Lifestyle Editor | Kyrie Roxby
There is nothing in the world that can explain or help us understand the Holocaust and the millions of senseless murders that happened during it. There is, however, the need to remember the events of it and the many lives lost because of the violence and racism brought against millions of innocent people.
The best way of remembering all the horrors that happened is in ensuring that nothing similar can ever be done again. An end to the hate and anti-Semitism that allowed so much torture. It’s important to note that none of what Hitler did at the time was illegal. It only took others to silently accept his regime for it to be implemented in such an extreme and fatal way.
5 movies to watch revolving around the events of the Holocaust:
1. Schindler’s List (1993)
I’m sure we’ve all seen this heart-breaking depiction of the true story of businessman Oskar Schindler’s (eventual) efforts to save the lives of innocent Jews from being taken away and executed in concentration camps. Based on the novel Schindler’s Ark by Thomas Keneally, this film portrays the horror of the holocaust and concentration camps in a way that will leave you sobbing and haunted.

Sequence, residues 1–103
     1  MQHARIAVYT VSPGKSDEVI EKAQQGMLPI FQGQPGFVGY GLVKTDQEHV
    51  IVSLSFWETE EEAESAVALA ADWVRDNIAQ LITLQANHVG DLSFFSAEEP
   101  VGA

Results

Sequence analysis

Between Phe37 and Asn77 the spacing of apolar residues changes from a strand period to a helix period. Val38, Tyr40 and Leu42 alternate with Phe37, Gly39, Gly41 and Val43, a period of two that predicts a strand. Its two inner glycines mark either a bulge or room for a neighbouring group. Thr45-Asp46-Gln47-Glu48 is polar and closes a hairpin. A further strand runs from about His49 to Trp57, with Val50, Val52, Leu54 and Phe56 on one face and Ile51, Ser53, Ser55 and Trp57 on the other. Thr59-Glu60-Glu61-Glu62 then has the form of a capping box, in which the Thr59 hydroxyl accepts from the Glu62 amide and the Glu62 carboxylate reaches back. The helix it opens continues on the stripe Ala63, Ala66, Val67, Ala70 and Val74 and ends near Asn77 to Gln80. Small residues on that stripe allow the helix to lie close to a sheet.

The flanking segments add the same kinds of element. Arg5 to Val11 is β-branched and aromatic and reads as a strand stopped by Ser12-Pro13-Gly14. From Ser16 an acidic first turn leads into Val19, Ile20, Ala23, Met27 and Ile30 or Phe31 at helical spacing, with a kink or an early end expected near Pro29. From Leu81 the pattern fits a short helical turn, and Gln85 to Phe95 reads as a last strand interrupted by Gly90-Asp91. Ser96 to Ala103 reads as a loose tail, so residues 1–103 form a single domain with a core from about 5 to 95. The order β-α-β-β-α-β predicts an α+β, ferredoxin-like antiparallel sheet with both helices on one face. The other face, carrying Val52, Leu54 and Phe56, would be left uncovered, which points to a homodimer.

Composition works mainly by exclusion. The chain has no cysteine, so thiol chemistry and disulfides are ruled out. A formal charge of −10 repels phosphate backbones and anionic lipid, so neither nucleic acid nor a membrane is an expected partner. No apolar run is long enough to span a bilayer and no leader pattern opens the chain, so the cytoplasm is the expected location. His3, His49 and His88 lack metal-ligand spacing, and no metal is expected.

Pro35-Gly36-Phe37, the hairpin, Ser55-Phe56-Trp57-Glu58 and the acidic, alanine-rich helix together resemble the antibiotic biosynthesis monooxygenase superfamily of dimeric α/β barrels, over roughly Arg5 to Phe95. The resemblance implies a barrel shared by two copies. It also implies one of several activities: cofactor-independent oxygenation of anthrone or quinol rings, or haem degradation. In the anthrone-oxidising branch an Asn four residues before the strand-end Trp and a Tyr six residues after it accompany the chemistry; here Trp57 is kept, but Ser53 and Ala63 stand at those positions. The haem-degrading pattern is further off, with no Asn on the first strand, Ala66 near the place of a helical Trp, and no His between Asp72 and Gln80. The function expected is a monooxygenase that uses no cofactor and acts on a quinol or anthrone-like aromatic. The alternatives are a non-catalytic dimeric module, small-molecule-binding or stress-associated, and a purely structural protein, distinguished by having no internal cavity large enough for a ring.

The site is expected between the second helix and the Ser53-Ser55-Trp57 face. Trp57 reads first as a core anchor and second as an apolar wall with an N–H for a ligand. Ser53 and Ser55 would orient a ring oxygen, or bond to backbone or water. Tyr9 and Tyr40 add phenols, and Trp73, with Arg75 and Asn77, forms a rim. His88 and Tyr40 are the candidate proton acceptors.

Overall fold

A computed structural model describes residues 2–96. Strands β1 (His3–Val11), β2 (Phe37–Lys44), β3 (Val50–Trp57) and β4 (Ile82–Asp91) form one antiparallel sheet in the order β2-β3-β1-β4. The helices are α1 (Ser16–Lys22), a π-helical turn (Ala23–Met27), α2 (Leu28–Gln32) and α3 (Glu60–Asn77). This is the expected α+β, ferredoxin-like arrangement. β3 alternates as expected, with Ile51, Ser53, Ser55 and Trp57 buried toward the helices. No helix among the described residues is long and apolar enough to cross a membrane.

2. Sophie’s Choice
Sophie’s choice is another devastating film about the survivor of Nazi concentration camps who had to make horrible choices to make it through alive. This film shows the effects of the Holocaust on the people that went through it and survived.
3. The Boy in the Striped Pyjamas
If you haven’t seen this already, you will have at least heard of it. Seen through the innocent and unknowing eyes of eight-year-old Bruno (the son of a commandant of a concentration camp). Bruno forges a forbidden friendship with a young Jewish boy on the other side of the chained fence of the camp, with horrible and unforeseen consequences.
4. The Pianist: The Extraordinary True Story of One Man’s Survival in Warsaw, 1939-1945
As the title suggests, the pianist follows a Jewish musician as he struggles to survive the ruin of the Warsaw Ghetto during the Second World War, forced to hide and watch the Holocaust until concentration camp prisoners are released.